A sharply written ensemble piece about racial divides in and around Los Angeles, Crash had been generally well reviewed with a 78% Rotten Tomatoes rating, and yet it was panned by some big guns — N.Y. Times lead critic Tony Scott, L.A. Times second-stringer Carina Chocano, Jamie Bernard of the N.Y. Daily News, the Boston Globe‘s Ty Burr.
The reactions were very favorable when I showed Crash at my UCLA Sneak Previews class in early April, which seemed significant in that the class is mainly composed of people in their 40s and 50s, who tend to shy away from push-comes-to-shove dramas.
Crash‘s co-screenwriter Bobby Moresco says he knew something was up when he went to see how the film was performing at a Burbank megaplex during the opening weekend. “It was a show in the middle of the afternoon, there was a long line waiting to get in, and the theatre was 80% filled,” he said.
Moresco noticed the same level of response when he went back the next day — i.e., Sunday afternoon.
“It was obvious to us that we had something,” Ortenberg told me yesterday. “The Friday to Sunday trajectory was very strong, there were great exit polls, and business was very good on the Monday and Tuesday after the first weekend.
“And then week after week, it was clear not only that audiences were discovering Crash, but the picture was becoming a water-cooler movie.”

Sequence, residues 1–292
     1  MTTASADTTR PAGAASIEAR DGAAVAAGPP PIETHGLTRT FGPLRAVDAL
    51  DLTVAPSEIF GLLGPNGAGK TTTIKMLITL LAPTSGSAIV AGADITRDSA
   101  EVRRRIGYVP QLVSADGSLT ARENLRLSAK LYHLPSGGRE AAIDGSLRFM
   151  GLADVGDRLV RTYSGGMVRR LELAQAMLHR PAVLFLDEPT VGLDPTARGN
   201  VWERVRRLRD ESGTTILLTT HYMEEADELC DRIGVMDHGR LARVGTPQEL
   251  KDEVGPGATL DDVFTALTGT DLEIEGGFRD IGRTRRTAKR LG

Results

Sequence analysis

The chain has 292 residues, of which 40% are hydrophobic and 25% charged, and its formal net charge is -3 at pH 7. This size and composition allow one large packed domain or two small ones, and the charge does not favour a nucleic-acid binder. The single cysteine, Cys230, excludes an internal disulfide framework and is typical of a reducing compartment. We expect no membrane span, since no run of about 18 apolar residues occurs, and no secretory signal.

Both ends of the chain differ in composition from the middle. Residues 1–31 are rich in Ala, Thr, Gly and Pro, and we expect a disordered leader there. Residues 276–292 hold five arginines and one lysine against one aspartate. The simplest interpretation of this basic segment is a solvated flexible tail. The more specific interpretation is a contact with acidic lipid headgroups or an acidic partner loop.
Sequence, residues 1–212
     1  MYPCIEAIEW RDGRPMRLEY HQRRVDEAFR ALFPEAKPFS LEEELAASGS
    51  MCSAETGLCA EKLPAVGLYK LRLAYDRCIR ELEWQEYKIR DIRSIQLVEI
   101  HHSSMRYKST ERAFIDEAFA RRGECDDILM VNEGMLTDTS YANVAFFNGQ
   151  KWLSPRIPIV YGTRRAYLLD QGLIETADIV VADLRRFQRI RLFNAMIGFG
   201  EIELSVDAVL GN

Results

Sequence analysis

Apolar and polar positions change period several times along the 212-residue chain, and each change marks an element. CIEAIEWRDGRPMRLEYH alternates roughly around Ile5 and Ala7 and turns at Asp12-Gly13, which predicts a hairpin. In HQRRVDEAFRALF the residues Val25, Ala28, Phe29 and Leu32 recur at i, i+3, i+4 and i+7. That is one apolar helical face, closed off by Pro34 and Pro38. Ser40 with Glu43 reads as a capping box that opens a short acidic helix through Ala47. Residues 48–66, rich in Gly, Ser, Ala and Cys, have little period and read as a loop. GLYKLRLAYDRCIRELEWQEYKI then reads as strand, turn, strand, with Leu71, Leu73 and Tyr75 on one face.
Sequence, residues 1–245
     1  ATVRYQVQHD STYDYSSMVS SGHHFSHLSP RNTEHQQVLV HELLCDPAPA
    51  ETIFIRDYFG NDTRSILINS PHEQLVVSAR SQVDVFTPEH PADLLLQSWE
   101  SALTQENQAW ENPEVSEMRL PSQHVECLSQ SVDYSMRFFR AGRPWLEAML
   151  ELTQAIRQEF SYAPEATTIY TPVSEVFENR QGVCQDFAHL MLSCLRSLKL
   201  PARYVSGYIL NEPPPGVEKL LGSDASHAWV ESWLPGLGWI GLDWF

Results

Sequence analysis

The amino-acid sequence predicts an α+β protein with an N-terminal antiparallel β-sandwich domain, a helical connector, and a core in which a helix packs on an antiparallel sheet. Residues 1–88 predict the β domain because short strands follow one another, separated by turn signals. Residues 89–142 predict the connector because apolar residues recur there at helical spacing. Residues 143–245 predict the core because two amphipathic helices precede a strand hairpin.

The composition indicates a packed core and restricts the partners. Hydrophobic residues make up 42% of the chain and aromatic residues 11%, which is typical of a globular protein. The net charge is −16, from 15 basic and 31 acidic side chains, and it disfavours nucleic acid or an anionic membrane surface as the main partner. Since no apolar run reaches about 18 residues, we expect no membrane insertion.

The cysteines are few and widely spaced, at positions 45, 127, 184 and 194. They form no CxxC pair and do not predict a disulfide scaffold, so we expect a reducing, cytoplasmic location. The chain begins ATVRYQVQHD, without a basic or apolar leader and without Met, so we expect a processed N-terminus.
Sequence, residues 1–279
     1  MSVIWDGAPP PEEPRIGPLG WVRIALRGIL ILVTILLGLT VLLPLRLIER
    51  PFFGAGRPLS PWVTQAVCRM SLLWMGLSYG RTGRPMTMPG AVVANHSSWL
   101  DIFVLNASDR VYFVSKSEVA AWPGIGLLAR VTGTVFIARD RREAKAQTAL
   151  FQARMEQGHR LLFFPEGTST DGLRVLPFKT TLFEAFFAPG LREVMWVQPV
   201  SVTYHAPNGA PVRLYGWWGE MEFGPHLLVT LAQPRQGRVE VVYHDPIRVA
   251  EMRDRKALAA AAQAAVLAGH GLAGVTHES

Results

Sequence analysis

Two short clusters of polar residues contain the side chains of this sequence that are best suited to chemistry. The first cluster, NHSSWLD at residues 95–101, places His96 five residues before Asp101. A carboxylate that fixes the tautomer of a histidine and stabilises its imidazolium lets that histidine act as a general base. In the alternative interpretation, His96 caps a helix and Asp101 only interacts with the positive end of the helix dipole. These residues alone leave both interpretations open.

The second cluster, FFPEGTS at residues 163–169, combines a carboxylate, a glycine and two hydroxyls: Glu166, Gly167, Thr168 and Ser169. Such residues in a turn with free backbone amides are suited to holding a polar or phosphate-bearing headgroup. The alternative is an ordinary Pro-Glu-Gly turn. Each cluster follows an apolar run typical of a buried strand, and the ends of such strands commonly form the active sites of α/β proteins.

Crash “is really the perfect Lions Gate film,” he said. “Indie crediblity along with commercial viability.
“We opened up at #4, and yet we stayed in the top five for four weeks. Kingdom of Heaven more than doubled our gross on opening weekend, but by the third weekend we outgrossed them. Clearly we had a film that was affecting people.”

Crash star Don Cheadle, director and cowriter Paul Haggis during filming

My opinion is that it’s working with audiences because it hits hard in showing racial incidents but at the same time leaves you with a sense of balance and even compassion.
Everyone in this sharply written ensemble drama is shown to be a racist or a victim of racism, but they’re also given a balancing trait or shown having a moment of clarity and self recognition. Matt Dillon’s beat cop is depicted as racist pig on one hand, but also a guy capable of heroism when he saves Thandie Newton from that car fire and also a guy who grieves over his ailing father…that kind of thing.